There’s a great quote in my textbook from the “Wine & Spirit Education Trust”, where I got my certification from. It says, “Tasting wine, rather than simply drinking it, increases our appreciation of the wine by allowing us to examine it in detail. By learning to understand something, we learn not only to appreciate it, but to enjoy it.” I agree with that statement so much, I quoted it in my book.
When you learn something, anything, you are better able to assess it. You have a better understand of what the final outcome should be, and furthermore, you can appreciate each producer’s individual craft on the product. It almost inspires you to create your own product; in this case, wine.
AE: Do you have a favorite bottle or vineyard?
GM: I don’t necessarily have a favorite bottle, more than I have more memorable experiences. Whether it’s at a vineyard or winery, or at an event. It’s when I interact with the people who work directly for the brand, and in some cases, the winemakers themselves. I love speaking with the winemakers. Now that I understand the process, I get to hear how they go about it. They tell me how they put their own personal touch, so to create their own personal product. It’s personal to them, and you can sense that as they tell you. I respect that. It’s those experiences that will keep me loyal to a particular wine.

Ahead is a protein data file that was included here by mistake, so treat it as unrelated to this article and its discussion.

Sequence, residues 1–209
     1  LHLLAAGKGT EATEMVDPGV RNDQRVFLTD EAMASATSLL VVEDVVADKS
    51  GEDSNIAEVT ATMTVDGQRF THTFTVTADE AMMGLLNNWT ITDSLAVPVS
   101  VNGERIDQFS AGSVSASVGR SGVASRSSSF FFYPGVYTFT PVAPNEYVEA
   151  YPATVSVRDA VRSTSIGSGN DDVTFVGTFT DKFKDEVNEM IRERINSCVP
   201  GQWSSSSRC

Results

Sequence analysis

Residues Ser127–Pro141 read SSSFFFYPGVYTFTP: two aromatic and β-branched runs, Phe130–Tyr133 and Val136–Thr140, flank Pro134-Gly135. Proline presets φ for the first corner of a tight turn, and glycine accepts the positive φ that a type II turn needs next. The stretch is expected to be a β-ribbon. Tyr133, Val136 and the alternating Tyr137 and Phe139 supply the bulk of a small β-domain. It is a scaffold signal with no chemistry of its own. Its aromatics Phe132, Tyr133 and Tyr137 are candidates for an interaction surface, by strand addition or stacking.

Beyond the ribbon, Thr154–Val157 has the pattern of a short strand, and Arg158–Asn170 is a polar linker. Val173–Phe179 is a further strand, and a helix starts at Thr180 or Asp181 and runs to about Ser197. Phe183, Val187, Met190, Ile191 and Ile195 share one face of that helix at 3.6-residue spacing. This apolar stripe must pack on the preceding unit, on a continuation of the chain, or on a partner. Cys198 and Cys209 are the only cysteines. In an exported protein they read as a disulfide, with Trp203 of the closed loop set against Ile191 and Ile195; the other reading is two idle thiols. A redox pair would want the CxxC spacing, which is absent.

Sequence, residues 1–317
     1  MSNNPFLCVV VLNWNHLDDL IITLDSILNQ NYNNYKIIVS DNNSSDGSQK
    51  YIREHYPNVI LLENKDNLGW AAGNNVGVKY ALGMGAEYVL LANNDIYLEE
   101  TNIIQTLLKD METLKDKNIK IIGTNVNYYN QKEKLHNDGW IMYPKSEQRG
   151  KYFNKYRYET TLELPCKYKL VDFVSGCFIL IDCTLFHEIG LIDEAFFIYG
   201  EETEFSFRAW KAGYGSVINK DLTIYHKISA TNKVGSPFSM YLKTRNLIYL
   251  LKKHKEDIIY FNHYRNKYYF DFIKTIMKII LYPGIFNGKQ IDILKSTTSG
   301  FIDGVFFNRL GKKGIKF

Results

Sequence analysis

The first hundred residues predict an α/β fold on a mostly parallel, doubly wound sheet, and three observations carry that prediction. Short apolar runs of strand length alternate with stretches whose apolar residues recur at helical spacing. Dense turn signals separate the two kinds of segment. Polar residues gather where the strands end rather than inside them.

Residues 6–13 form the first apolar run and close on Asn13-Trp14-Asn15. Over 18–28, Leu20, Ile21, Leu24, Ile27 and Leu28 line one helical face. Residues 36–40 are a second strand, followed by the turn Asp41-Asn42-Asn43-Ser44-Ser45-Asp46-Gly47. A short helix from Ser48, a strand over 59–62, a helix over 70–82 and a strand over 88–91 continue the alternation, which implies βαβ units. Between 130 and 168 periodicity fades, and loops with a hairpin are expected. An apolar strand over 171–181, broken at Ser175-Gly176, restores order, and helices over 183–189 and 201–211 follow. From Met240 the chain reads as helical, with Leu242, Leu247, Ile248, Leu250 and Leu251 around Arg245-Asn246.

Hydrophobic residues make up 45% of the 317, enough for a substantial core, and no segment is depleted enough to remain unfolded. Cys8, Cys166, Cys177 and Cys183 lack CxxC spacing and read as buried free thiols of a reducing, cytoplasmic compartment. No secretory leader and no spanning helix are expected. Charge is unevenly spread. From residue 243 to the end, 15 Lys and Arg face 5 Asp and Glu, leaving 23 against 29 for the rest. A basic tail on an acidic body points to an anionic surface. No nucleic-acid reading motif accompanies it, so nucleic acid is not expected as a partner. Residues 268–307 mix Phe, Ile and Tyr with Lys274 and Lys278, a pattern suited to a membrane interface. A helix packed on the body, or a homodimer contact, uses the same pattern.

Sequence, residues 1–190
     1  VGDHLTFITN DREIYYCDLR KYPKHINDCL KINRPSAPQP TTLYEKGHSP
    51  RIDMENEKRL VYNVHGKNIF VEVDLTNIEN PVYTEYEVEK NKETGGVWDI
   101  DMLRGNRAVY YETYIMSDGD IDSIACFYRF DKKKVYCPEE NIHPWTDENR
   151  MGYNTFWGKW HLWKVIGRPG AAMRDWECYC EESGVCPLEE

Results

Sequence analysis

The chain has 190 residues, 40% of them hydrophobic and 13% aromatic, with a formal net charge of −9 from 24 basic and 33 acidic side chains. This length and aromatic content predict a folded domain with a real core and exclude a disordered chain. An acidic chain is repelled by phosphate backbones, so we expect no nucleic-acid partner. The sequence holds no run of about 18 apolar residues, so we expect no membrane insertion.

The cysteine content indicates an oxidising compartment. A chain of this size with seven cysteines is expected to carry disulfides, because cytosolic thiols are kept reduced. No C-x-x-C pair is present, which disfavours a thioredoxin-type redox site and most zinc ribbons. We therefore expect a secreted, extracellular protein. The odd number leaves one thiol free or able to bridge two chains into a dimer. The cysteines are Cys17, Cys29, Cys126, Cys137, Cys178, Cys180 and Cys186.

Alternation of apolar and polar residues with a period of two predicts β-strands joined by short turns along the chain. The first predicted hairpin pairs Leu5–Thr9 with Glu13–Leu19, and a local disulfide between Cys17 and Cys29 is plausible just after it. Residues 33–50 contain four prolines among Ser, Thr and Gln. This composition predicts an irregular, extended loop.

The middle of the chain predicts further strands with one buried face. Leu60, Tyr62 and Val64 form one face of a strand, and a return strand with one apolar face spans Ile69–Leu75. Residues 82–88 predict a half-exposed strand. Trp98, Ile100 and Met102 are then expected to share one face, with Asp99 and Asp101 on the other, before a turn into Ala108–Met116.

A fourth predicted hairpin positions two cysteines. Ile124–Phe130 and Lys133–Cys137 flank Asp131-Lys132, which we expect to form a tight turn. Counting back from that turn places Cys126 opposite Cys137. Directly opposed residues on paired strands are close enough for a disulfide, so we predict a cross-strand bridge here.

AE: Do you have an all-time favorite meal? If so what type of wine do you pair with it?
GM: Well, I love shellfish. You name it crab, lobster, shrimp, and scallops; it’s hard for me to choose. If I had my choice of wine to pair with any of those meals, I would like a nice Chardonnay; namely one from Burgundy. A white Burgundy would make a nice match on multiple levels. Shellfish can be rather heavy. Likewise, it can be a bit salty and even sweet. Chardonnays are rather heavy, full-bodied wines, and those from Burgundy usually have a good level of acidity. Acidity is the main thing here, I should say. The acidity in a wine will interact with both the saltiness and sweetness of the food, helping to enhance its flavors. Now, a white Burgundy that has spent time aging in oak will also give you hints of buttery and creamy flavors. And we know how well butter and shellfish go together. Now, we’re matching flavors in both the food and the wine.
It’s important to note, though, and I explain this in “The Right Bottle,” that there is not just one perfect wine to pair with a meal. As long as you put into consideration the different factors involved, you should be able to find a good match. And just in case, I even include a little cut-out guide at the end of the book. It’s part of Chapter 11, “Something To Take With You.”